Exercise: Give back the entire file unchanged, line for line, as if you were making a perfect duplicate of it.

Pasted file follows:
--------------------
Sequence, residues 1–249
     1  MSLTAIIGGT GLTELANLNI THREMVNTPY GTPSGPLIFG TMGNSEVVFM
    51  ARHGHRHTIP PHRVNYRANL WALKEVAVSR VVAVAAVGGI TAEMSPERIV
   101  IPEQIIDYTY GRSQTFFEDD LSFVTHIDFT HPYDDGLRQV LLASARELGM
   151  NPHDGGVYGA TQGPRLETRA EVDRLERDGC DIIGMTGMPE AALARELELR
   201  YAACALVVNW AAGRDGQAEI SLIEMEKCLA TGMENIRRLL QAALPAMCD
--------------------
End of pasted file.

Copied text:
Sequence, residues 1–249
     1  MSLTAIIGGT GLTELANLNI THREMVNTPY GTPSGPLIFG TMGNSEVVFM
    51  ARHGHRHTIP PHRVNYRANL WALKEVAVSR VVAVAAVGGI TAEMSPERIV
   101  IPEQIIDYTY GRSQTFFEDD LSFVTHIDFT HPYDDGLRQV LLASARELGM
   151  NPHDGGVYGA TQGPRLETRA EVDRLERDGC DIIGMTGMPE AALARELELR
   201  YAACALVVNW AAGRDGQAEI SLIEMEKCLA TGMENIRRLL QAALPAMCD